The Cypriot authorities have not provided yet an adequate justification to subsidizing the restrucure of the ailing state carrier. The Commission will investigate in particular whether the restructuring plan is suitable to make Cyprus Airways viable without continued state support and to offset the competition distortions created by the state aid. “The opening of an in-depth investigation gives interested third parties an opportunity to comment on the measures under assessment; it does not prejudge the outcome of the investigation,” the Commission says.
In December 2013, Cyprus notified the Commission of a €102.9 million aid package to restructure the national flag carrier Cyprus Airways, which has experienced financial difficulties for several years. The restructuring plan runs from 2012 to 2017. The plan includes a €31.3 million capital injection granted in 2012, a conversion of debts of the company into equity amounting to €63 million and €8.6 million to cover the deficit of the company's Provident Fund, a benefit scheme for the Cyprus-based employees (excluding pilots), financed through contributions from the employees and Cyprus Airways.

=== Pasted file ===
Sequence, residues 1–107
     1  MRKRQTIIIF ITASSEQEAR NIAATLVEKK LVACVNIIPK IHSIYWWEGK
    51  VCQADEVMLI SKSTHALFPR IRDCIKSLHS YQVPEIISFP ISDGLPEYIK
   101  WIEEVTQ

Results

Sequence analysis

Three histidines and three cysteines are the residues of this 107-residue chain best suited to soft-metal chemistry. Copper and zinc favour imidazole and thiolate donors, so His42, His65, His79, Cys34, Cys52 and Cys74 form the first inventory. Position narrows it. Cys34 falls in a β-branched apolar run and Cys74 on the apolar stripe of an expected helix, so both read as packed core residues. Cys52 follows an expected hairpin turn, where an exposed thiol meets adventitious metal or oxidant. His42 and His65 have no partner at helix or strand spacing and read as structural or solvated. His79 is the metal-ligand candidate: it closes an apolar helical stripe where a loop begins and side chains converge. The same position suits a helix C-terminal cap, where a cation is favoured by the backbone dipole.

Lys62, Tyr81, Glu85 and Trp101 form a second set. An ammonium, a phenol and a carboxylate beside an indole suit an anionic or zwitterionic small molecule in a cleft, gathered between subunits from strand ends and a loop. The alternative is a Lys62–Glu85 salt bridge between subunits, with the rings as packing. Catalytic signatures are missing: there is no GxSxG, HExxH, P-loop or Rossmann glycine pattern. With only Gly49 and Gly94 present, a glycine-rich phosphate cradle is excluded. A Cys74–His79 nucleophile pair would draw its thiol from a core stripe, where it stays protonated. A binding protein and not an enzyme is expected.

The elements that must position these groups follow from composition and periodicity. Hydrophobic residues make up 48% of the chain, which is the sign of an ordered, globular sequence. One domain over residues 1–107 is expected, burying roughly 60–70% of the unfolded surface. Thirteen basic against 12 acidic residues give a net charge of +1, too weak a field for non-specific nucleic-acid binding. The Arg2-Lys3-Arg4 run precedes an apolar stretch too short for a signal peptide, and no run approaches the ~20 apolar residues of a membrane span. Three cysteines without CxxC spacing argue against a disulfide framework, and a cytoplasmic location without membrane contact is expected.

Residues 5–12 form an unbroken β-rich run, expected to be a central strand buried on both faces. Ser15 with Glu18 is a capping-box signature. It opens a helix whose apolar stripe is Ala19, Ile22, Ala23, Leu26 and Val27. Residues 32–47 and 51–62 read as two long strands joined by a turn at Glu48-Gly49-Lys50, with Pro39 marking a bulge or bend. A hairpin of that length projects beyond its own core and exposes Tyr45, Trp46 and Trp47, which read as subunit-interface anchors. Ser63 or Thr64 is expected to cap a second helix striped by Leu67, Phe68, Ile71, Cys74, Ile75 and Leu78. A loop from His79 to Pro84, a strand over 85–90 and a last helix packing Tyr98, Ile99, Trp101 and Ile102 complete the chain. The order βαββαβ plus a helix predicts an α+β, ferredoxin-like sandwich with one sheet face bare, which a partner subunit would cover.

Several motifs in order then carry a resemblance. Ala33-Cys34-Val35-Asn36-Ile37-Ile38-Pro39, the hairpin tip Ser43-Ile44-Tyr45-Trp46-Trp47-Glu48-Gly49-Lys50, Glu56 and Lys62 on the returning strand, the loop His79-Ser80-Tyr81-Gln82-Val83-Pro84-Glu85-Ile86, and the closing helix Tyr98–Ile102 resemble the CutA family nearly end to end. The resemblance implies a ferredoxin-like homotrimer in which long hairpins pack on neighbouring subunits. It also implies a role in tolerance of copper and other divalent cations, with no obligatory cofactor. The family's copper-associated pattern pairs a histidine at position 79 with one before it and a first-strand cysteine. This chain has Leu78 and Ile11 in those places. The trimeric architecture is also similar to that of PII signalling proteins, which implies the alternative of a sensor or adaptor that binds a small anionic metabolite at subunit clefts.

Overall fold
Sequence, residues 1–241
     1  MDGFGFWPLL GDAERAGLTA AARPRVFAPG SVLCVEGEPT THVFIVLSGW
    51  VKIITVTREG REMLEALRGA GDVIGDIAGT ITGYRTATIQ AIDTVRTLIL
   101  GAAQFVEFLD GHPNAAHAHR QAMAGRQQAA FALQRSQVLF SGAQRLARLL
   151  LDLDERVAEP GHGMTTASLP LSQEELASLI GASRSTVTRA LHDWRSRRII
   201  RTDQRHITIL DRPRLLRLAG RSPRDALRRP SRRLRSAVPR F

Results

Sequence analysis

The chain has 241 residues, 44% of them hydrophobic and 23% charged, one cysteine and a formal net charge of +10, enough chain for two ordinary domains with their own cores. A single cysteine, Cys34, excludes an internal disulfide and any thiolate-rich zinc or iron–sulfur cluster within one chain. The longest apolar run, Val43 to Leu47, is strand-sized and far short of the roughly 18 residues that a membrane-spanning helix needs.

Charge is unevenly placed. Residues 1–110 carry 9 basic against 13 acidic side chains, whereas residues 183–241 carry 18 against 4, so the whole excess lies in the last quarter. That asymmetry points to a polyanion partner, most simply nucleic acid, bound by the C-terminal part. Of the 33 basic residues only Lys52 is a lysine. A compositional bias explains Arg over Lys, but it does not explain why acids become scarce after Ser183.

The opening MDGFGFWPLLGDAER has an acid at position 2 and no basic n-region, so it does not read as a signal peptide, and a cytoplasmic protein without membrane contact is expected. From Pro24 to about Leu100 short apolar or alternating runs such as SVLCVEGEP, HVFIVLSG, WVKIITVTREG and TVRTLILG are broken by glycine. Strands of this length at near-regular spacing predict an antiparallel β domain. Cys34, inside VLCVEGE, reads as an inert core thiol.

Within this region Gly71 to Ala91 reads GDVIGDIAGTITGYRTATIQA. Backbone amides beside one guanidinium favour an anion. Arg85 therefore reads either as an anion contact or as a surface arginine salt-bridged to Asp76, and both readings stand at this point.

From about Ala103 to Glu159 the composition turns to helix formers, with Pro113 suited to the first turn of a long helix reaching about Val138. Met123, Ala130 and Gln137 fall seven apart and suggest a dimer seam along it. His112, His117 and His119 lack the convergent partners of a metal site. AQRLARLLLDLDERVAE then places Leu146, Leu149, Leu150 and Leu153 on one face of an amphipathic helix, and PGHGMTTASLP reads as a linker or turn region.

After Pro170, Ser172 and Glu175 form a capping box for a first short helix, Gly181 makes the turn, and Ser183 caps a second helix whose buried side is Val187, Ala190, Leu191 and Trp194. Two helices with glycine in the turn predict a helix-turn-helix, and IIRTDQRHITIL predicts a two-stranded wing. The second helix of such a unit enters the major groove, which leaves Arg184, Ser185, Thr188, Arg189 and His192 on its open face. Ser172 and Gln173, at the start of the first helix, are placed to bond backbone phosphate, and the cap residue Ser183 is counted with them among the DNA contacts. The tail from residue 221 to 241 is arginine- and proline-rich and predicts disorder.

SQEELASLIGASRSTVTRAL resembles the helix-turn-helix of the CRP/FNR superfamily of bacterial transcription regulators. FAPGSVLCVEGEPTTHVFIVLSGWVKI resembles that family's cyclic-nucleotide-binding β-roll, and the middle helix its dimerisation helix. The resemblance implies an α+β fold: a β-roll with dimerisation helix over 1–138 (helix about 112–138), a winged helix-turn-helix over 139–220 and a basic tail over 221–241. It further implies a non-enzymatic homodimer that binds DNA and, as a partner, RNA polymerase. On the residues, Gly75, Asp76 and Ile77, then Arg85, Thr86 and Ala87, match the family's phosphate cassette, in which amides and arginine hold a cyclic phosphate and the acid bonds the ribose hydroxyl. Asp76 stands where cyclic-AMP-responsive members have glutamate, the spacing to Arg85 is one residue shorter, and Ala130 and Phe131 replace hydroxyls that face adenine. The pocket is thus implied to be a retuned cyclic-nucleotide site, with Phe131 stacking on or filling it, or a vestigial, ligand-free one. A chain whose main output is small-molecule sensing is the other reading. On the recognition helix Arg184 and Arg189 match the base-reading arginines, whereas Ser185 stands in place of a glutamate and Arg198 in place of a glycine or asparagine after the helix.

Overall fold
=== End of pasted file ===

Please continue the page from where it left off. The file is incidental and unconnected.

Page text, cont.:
The Commission has doubts whether the restructuring plan is suitable to ensure Cyprus Airways' long-term viability and whether the airline is capable of withstanding likely challenges in the air transport market during the next years. It is also uncertain whether the proposed capacity reduction through the cancellation of routes is sufficient to compensate for the distortions of competition created by the state support. The Commission also has concerns that the airline's contribution to the cost of restructuring may be insufficient.
Moreover, according to EU rules restructuring aid may be granted only once over a period of ten years to avoid that inefficient companies are kept artificially alive with repeated subsidies. The Commission already approved restructuring aid for Cyprus Airways in 2007. Since then, the airline has benefited from additional public interventions, including the 2012 capital injection and a €34.5 million rescue aid loan in 2013. In March 2013, the Commission opened an in-depth investigation into these measures and an envisaged state compensation to the airline's redundant staff. “An exception to the 'one time, last time' principle can be granted in exceptional and unforeseen circumstances. However, at this stage, the Cypriot authorities have not provided an adequate justification to that end," notes the Commission.
Source: Financial Mirror